A randomized, controlled trial has found that a six-month oral course of glucosamine was not significantly more effective than placebo in reducing pain-related disability among people with chronic low-back pain and degenerative lumbar osteoarthritis.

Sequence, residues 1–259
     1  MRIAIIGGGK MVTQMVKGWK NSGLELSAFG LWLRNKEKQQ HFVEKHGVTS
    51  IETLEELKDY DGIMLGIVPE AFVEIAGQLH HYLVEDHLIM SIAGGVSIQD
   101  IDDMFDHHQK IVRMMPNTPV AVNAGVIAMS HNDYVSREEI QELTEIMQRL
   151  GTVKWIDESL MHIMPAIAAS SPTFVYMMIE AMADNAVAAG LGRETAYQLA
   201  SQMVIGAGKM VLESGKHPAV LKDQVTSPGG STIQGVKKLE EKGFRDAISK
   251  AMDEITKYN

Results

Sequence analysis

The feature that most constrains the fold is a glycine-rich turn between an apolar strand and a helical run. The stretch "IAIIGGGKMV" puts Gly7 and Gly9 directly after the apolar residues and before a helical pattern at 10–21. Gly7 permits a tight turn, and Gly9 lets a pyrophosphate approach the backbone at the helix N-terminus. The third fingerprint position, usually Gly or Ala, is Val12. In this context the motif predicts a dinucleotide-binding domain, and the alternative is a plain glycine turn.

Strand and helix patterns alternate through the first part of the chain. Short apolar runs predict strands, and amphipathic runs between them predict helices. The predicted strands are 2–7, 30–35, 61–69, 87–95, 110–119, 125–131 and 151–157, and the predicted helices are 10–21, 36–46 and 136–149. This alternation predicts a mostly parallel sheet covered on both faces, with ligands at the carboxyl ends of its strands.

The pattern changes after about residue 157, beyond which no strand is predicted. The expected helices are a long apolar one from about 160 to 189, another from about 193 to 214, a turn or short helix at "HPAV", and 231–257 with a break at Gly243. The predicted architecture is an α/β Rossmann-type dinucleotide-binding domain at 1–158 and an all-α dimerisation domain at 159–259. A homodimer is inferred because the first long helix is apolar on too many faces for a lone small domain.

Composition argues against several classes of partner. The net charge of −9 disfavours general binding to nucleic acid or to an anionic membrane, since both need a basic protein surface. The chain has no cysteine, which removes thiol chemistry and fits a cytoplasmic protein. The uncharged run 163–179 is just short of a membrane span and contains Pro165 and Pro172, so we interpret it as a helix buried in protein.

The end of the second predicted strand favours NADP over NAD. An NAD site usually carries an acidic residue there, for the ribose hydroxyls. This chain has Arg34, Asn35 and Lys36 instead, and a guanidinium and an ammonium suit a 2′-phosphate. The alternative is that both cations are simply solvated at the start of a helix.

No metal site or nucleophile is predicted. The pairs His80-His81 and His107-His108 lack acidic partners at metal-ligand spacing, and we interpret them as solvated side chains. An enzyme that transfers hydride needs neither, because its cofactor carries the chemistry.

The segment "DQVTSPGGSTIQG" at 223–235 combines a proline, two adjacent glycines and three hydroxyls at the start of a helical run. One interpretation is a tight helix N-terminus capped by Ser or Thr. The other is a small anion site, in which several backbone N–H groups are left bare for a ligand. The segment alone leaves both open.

In the double-blind study, 125 people aged 25 years and older with the two conditions were given 1,500 mg of oral glucosamine for six months while 125 similar patients received placebo. At baseline, the Roland Morris Disability Questionnaire (RMDQ) mean scores were 9.2 for the glucosamine group and 9.7 for the placebo-takers. At treatment’s end, the mean RMDQ score was 5.0 for each group, and at the one-year mark, 4.8 for the glucosamine group and 5.5 for the placebo group. The investigators stated that “it seems unwise to recommend glucosamine to all patients with chronic [low-back pain] and degenerative lumbar [osteoarthritis]” (JAMA. 2010;304:45-52).